Finding Unused Indexes

SQLWayne has a script to help find unused indexes:

Here’s some code that can show you what indexes are unused or empty.  An empty index just means that there’s no data in that table right now, it may always be populated later, so I would not drop an empty index.  Besides, how much space would an empty index take?

For my personal preferences, I order the output by table then index name, also I put a u.* at the end of the select statement so the more interesting usage stat columns can be seen.

If an index truly is unused, it’s a waste of resources.  The problem is, sometimes you’ll think an index is unused but it’s really a vital part of month-end reporting or used for the CEO’s favorite dashboard.

Related Posts

Query Store Indexes

Arthur Daniels shows what you can learn from the indexes on Query Store tables: It looks like internally Query Store is referred to as plan_persist. That makes sense, thinking about how the Query Store persists query plans to your database’s storage. Let’s take a look at those catalog views vs their clustered and nonclustered indexes. […]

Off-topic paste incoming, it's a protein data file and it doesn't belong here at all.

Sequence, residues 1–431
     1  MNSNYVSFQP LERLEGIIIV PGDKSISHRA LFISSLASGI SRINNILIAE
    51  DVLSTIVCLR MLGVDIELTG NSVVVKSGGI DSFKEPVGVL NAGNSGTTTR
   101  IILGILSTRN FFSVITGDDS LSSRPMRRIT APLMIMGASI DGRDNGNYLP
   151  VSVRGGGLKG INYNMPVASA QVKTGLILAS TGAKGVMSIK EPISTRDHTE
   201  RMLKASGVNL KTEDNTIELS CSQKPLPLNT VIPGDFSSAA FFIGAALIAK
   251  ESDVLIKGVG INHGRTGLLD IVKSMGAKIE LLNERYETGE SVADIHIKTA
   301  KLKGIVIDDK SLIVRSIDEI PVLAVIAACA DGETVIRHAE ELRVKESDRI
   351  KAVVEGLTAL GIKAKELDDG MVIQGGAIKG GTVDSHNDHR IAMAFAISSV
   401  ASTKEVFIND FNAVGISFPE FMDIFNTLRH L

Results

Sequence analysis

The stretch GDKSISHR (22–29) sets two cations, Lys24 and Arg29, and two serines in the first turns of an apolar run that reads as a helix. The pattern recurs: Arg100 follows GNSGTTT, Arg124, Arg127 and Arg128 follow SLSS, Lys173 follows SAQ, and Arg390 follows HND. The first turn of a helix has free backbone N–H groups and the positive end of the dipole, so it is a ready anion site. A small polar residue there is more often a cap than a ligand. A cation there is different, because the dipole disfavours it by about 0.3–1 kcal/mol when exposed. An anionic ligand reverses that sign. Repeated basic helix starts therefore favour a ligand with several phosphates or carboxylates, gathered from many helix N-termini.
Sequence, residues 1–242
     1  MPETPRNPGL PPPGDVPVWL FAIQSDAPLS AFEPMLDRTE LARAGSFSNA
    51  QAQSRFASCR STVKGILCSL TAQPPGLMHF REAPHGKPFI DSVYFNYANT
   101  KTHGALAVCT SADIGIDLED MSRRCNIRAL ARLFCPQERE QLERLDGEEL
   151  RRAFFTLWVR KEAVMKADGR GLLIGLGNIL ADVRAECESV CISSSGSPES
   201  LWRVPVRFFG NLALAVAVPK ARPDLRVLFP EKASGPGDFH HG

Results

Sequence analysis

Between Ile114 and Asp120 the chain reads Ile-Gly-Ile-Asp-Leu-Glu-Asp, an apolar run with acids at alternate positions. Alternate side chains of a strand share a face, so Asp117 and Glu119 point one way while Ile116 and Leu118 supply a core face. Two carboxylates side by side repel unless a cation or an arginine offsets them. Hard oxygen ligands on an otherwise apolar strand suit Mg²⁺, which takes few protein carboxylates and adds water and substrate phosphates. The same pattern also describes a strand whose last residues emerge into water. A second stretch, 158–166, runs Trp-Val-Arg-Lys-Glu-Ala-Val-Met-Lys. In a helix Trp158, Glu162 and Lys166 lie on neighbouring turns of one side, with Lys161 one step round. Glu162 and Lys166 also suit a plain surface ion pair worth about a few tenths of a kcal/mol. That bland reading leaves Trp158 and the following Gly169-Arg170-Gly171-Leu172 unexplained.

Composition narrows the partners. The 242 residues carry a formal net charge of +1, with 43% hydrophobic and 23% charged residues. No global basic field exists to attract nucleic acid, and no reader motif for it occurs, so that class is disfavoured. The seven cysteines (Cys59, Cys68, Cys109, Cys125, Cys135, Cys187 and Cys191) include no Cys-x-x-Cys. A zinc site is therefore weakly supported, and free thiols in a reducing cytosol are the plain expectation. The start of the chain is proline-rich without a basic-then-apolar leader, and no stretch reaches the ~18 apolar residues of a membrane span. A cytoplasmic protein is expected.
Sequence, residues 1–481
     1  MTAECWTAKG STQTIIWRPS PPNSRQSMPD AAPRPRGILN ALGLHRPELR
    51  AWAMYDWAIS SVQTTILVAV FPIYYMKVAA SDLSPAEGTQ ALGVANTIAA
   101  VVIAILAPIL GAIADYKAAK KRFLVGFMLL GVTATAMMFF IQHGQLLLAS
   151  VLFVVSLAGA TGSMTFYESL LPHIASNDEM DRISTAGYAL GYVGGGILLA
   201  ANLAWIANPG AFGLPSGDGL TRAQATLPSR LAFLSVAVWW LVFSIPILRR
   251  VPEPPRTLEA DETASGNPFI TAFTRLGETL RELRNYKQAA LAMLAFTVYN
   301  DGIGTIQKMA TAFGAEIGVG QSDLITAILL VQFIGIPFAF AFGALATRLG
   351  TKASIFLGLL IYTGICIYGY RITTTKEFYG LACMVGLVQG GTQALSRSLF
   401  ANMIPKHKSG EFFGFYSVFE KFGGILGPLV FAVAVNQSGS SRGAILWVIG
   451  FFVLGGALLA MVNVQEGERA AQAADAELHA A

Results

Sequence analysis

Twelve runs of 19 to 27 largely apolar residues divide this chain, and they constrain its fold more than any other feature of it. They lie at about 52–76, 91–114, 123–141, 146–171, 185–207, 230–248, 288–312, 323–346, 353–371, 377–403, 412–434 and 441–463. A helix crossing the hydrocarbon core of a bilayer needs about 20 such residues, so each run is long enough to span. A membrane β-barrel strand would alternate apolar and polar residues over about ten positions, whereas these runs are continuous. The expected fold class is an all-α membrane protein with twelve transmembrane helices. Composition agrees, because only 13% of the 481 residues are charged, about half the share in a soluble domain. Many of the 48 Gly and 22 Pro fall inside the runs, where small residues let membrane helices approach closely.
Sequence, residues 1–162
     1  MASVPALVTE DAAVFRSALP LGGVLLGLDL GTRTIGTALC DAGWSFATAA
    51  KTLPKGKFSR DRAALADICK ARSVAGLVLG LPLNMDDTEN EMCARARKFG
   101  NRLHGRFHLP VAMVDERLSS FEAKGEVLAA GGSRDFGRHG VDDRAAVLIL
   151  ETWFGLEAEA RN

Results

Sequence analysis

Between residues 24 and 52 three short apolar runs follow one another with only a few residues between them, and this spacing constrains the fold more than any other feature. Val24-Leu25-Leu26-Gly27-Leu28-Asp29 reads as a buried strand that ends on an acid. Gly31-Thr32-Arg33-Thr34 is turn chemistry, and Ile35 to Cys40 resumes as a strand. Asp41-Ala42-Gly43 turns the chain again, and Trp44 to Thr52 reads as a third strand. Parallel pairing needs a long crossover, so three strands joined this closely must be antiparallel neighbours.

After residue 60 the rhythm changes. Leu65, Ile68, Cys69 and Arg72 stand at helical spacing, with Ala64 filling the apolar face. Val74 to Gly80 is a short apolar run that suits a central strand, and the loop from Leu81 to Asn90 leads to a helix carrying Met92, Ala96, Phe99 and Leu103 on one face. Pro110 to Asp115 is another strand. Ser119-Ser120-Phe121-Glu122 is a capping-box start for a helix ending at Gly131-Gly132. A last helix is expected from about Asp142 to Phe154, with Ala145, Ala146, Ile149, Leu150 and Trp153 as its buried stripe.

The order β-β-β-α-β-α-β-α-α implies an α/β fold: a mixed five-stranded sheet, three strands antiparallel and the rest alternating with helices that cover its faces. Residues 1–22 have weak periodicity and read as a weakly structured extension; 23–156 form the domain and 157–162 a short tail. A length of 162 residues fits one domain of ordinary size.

Read More

Gotchas When Indexing Partitioned Tables

Andrew Pruski gives us a couple of considerations when creating indexes on partitioned tables in SQL Server: Looking at that data page, we can see that SQL has added a UNIQUIFIER column. Now this is standard SQL behaviour, SQL does this to all non-unique clustered indexes whether they are on a partitioned table or not. But also […]

Read More


May 2016
« Apr Jun »